Sometimes an animal (or two animals) can symbolize a character or characters (humans or anthropomorphized animals) in a work. If the characters are human, these animals will generally be their pets, but in works of fantasy it's not uncommon for the characters to be transformed into animals and have to work together to return to safety and human form, learning more about each other along the way.
The most common form of this trope is the portrayal of two animals whose relationship mirrors or symbolizes the relationship between their owners.
Can be case of Truth in Television
in that pets' behaviour tends to reflect their masters' moods.
Related to What Do You Mean, It's Not Symbolic?
. Subtrope of Animal Motifs
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Anime and Manga
- Toradora! is something of a Portmanteau for the animals both leads have Animal Motifs of: Taiga as the Tiger ("Tora"), and Ryuuji as the Dragon ("Doragon"). They were aware of this early in the series.
- Yoruichi and Soi Fon are symbolized by the cat and the hornet respectively. Yoruichi's personality is playful, and somewhat fickle, much like a cat's; in addition to her unexplained ability to actually turn into one, at will. Whereas Soi Fon, who's name literally means "break/broken hornet", has a personality befitting her namesake; being that she's slow to anger, yet deadly when provoked. This is also reflected in her zanpakuto, Suzumebachi, which is named after the asian hornet. The chapter in which they fight is even titled "Cat and Hornet".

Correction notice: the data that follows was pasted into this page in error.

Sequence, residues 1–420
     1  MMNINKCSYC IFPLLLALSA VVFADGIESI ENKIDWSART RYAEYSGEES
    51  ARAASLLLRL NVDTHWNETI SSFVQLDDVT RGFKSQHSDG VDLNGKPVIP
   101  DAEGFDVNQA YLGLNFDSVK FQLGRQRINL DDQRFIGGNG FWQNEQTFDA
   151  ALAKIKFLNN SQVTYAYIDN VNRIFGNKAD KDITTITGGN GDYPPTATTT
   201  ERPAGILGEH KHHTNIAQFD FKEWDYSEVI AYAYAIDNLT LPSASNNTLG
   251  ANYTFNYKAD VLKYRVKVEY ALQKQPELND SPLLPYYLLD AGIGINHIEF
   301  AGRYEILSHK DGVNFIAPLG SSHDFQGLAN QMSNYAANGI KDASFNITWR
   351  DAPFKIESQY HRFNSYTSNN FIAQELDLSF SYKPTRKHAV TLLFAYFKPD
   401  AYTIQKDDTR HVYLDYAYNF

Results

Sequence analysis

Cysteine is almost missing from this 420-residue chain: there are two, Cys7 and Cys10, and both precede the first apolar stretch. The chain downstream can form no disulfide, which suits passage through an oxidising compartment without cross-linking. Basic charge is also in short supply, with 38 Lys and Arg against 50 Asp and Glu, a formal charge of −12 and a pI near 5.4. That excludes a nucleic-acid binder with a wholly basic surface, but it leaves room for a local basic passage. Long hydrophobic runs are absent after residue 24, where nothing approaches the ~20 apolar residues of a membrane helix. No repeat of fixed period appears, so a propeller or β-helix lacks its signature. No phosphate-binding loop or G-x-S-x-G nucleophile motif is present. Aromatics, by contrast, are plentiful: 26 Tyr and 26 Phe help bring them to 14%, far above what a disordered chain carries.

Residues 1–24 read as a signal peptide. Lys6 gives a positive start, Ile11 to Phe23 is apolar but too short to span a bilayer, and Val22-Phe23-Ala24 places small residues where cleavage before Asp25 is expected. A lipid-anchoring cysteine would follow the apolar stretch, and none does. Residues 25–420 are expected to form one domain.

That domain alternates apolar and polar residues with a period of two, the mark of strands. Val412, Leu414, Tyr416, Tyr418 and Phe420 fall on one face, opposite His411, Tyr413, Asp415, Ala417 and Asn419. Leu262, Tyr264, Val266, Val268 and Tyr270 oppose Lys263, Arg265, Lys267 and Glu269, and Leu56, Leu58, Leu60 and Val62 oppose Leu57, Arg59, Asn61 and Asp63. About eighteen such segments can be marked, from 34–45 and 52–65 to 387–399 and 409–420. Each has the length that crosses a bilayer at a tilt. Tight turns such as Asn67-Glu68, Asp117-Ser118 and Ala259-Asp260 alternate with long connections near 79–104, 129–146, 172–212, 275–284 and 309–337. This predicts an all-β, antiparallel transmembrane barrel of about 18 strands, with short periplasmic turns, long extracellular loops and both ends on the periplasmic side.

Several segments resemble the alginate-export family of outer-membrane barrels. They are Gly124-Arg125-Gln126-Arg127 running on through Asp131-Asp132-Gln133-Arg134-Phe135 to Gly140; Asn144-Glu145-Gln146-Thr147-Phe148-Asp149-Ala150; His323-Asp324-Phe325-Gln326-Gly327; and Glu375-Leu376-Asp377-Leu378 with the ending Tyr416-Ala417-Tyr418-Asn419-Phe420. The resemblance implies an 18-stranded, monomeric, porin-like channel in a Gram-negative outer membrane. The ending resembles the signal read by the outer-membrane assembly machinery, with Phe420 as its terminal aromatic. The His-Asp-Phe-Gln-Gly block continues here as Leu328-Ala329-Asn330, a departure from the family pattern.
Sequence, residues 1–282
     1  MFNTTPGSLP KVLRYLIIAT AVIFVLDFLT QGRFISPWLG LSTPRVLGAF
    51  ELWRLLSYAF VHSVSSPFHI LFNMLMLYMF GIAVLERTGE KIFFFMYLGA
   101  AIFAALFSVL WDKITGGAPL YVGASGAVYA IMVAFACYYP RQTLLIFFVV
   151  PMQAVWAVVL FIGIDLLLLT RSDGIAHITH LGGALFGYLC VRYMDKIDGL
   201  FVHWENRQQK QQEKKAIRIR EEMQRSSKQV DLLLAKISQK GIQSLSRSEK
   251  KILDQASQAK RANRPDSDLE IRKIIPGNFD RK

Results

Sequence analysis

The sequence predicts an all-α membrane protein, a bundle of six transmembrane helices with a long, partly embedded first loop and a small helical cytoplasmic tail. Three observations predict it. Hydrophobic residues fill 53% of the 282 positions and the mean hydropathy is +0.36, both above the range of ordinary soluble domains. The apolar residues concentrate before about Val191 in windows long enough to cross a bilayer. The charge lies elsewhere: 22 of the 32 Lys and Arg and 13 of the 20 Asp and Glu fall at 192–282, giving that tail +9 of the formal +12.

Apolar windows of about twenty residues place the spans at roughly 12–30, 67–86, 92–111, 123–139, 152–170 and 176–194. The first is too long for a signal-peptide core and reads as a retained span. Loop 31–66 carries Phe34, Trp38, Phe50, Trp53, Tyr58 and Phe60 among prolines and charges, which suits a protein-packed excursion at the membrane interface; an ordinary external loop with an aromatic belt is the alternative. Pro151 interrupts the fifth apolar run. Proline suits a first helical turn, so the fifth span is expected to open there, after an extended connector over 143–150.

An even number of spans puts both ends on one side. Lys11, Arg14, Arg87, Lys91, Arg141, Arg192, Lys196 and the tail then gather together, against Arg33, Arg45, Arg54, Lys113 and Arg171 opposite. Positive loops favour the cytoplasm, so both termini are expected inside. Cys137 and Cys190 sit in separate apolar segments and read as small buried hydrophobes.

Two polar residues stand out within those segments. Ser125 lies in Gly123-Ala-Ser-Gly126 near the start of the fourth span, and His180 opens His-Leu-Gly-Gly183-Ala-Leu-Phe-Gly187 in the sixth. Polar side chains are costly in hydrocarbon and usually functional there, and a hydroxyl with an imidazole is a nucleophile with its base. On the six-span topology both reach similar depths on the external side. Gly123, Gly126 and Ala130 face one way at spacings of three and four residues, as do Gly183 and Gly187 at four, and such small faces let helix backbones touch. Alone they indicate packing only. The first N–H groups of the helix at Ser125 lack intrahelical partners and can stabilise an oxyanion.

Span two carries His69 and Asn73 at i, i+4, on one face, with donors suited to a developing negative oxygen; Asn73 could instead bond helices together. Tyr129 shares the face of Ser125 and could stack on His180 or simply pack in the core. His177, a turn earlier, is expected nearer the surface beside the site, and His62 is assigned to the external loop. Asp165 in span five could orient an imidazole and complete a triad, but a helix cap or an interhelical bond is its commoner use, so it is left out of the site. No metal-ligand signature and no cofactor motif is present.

- Harribel was introduced as a villain she's a damsel in distress in the final arc. In her battle with Hitsugaya, the battle was heavily themed on dragons and sharks, even being commented on by the characters during the fight. Hitsugaya's power partially transforms him into an ice dragon and Harribel's nature is that of a shark. Both of them rely heavily on the amount of water in the atmosphere for their battle, but their fight consists of seeing who will soar and who will sink, with the observations being it's good when the shark sinks, but the dragon's in trouble when it happens to him, whereas the dragon prefers to soar, and that's trouble for the shark.